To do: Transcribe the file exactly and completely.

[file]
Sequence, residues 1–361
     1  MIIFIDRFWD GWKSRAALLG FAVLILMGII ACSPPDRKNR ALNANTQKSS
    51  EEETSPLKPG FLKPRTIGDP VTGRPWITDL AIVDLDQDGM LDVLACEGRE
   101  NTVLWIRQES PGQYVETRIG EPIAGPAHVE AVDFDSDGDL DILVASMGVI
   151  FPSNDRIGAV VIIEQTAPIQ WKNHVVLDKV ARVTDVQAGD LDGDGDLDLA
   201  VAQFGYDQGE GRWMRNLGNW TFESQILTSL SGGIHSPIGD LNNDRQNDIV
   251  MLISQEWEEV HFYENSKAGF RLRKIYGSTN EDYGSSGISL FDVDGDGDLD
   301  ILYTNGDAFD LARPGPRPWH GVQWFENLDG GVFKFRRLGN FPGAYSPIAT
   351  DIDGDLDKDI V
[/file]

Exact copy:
Sequence, residues 1–361
     1  MIIFIDRFWD GWKSRAALLG FAVLILMGII ACSPPDRKNR ALNANTQKSS
    51  EEETSPLKPG FLKPRTIGDP VTGRPWITDL AIVDLDQDGM LDVLACEGRE
   101  NTVLWIRQES PGQYVETRIG EPIAGPAHVE AVDFDSDGDL DILVASMGVI
   151  FPSNDRIGAV VIIEQTAPIQ WKNHVVLDKV ARVTDVQAGD LDGDGDLDLA
   201  VAQFGYDQGE GRWMRNLGNW TFESQILTSL SGGIHSPIGD LNNDRQNDIV
   251  MLISQEWEEV HFYENSKAGF RLRKIYGSTN EDYGSSGISL FDVDGDGDLD
   301  ILYTNGDAFD LARPGPRPWH GVQWFENLDG GVFKFRRLGN FPGAYSPIAT
   351  DIDGDLDKDI V